Brandeis Alumni, Family and Friends
Two Alumnae Receive Levitan Prize at Reunion
June 17, 2015
By Kerri Farrell
The Brandeis Classes of 1980 and 1995 had another reason to celebrate at Reunion.
Reunion attendees Laurie Nsiah-Jefferson ’80, Heller MA’06, Heller PhD’06, and Jessica McGettrick ’95 received the Harry S. Levitan Prize for Excellence in Education at their class dinners on June 6. Established in 2000 by Dr. Joseph Levitan, a local optometrist and generous Brandeis supporter, the Levitan Prize recognizes alumni for leadership in the field of education through their teaching, research or volunteer efforts.
Nsiah-Jefferson is a senior scientist and lecturer at Brandeis’ Heller School for Social Policy and Management, and an affiliated faculty member in the Department of African and Afro-American Studies and Women’s, Gender and Sexuality Studies Program (WGS). She chairs the WGS concentration of Heller’s master’s in public policy program, and is coordinator and advisor to students enrolled in the MPP/WGS joint-degree program. In May, she received Heller’s Mentoring Award for her exemplary work guiding Brandeis students.
“It is my goal to carry out the legacy of Harry S. Levitan, an eminent educator, by continuing to focus on the role of race, class, gender and other identities, and their intersections in public policy education,” Nsiah-Jefferson said at Reunion. “As diversity and inclusion are an emerging priority in education and the larger society, it is our responsibility to prepare our students to be effective leaders who have the capacity to address the most persistent challenges of the day.”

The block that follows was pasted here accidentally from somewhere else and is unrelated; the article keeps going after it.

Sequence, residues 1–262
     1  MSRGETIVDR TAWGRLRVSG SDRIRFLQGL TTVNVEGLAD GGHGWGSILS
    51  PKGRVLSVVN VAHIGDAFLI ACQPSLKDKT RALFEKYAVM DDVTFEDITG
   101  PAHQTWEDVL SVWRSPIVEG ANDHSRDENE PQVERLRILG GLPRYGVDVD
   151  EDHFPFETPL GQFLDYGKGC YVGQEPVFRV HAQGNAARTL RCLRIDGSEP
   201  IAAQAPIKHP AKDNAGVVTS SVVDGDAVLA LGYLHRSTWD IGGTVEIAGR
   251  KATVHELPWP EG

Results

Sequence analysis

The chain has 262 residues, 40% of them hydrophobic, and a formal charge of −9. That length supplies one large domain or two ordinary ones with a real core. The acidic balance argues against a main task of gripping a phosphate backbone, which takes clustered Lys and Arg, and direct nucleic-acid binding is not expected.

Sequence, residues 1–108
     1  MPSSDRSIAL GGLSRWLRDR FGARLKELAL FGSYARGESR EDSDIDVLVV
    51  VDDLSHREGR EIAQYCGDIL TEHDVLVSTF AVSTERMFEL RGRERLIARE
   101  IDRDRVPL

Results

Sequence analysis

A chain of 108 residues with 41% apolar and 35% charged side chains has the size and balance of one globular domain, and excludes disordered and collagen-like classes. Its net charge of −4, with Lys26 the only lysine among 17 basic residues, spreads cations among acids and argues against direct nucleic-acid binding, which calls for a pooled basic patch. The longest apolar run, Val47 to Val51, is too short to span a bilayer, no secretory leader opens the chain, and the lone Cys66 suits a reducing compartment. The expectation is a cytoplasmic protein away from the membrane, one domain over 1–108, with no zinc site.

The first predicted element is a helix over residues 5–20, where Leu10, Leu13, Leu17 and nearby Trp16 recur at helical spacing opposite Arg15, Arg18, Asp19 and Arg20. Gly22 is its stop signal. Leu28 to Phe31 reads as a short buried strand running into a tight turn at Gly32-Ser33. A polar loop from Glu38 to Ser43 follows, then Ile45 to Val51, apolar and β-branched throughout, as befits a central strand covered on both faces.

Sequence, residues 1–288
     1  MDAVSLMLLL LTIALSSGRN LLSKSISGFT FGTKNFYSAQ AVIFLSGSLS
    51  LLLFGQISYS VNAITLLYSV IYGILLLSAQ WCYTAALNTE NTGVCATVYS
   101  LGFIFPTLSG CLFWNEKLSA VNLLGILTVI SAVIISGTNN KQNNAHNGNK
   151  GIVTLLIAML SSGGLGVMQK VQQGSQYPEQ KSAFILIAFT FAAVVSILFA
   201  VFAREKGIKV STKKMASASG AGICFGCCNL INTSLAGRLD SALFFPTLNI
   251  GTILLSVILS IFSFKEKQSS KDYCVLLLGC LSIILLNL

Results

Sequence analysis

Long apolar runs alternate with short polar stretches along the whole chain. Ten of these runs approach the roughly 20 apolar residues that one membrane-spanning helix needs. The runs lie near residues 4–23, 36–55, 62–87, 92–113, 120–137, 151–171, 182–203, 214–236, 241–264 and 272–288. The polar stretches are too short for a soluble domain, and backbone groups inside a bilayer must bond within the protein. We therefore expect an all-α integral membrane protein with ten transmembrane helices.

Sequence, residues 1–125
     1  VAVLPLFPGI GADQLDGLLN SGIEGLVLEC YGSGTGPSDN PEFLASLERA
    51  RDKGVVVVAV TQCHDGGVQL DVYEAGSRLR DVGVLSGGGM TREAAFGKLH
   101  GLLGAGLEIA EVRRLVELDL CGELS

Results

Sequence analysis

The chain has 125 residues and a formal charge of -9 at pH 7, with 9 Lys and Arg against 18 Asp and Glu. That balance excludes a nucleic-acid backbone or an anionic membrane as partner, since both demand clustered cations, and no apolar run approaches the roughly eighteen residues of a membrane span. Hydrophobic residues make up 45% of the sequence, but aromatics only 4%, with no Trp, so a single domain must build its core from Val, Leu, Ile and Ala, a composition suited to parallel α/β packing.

McGettrick, who earned a master’s degree in fine arts from Emerson, has spent almost 15 years teaching drama and acting at the F.A. Day Middle School in Newton. In addition to directing and writing plays at the school, she serves as vice president of the Massachusetts Educational Theater Guild’s middle school executive council. Many of her student-teachers over the years have been Brandeisians.
“I have been thrilled to have Brandeis education students as student-teachers,” McGettrick said. “They arrive well-prepared and ready to work with students. One served as a maternity leave substitute for me, and another took a part-time job in our department and worked with our sixth grade for a year.”
For McGettrick, the Levitan Prize was an unexpected – but much appreciated – surprise. “It’s a tremendous honor to be recognized with the Levitan Prize,” she said. “I have much to do to continue to live up to this recognition and to refine and innovate for the 21st century in my theater arts classroom.”